If an entity does not satisfy its performance obligation over time, it satisfies it at a point in time. Revenue will therefore be recognised when control is passed at a certain point in time. Factors that may indicate the point in time at which control passes include, but are not limited to:

a.the entity has a present right to payment for the asset;

b.the customer has legal title to the asset;

c.the entity has transferred physical possession of the asset;

d.the customer has the significant risks and rewards related to the ownership of the asset; and

e.the customer has accepted the asset.

Contract costs

Incremental costs of obtaining a contract:

An entity shall recognise as an asset the incremental costs of obtaining a contract with a customer if the entity expects to recover those costs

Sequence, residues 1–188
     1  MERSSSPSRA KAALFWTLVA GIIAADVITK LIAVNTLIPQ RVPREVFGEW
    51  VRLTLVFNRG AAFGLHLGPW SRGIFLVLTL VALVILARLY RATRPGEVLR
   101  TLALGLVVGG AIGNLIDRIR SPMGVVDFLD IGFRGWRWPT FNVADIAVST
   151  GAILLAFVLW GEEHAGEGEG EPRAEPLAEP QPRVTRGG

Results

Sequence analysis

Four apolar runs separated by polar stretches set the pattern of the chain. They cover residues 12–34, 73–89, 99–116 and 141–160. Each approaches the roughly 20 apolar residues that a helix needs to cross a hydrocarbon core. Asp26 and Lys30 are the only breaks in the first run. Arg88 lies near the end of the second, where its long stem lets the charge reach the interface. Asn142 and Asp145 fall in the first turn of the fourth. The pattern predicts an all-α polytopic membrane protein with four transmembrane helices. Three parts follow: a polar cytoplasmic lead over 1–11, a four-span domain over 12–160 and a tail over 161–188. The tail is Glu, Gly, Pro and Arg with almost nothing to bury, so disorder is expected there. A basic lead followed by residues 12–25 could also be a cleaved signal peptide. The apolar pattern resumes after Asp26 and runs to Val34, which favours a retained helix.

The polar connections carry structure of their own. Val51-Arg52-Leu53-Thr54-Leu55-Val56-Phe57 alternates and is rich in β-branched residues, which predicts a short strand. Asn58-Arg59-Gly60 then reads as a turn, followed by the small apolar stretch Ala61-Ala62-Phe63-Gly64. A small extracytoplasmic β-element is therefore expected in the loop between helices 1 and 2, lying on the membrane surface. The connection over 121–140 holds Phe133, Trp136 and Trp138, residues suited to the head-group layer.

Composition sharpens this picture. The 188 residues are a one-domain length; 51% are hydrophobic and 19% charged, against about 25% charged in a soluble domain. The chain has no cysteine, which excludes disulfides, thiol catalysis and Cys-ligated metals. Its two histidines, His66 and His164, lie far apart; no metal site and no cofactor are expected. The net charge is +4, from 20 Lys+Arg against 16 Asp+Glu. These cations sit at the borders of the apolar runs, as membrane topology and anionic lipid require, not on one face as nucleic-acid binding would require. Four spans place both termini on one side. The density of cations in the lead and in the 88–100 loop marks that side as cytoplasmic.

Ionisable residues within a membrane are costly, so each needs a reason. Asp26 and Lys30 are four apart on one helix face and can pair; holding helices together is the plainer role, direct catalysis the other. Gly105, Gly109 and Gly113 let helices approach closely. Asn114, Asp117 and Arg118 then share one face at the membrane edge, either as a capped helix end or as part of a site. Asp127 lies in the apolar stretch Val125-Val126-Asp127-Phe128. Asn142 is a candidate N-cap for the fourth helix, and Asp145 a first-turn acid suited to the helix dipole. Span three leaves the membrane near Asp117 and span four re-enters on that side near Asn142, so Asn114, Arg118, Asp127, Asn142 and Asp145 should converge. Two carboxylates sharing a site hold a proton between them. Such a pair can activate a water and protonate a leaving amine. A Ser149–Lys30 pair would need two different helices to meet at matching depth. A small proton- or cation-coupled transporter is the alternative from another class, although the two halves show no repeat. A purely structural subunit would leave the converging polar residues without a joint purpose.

Costs incurred to fulfil a contract:

Costs incurred to fulfil a contract are recognised as an asset if and only if all of the following criteria are met:

a.the costs relate directly to a contract (or a specific anticipated contract);

b.the costs generate  or enhance resources of the entity that will be used in satisfying performance obligations in the future; and

c.the costs are expected to be recovered

Incremental costs of obtaining a contract:

An entity shall recognise as an asset the incremental costs of obtaining a contract with a customer if the entity expects to recover those costs

Costs incurred to fulfil a contract:

Costs incurred to fulfil a contract are recognised as an asset if and only if all of the following criteria are met:

a.the costs relate directly to a contract (or a specific anticipated contract);

b.the costs generate  or enhance resources of the entity that will be used in satisfying performance obligations in the future; and

c.the costs are expected to be recovered

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CMA Ramesh Krishnan 
on 10 December 2018
Published in Accounts
Views : 1584

Total likes : 4 times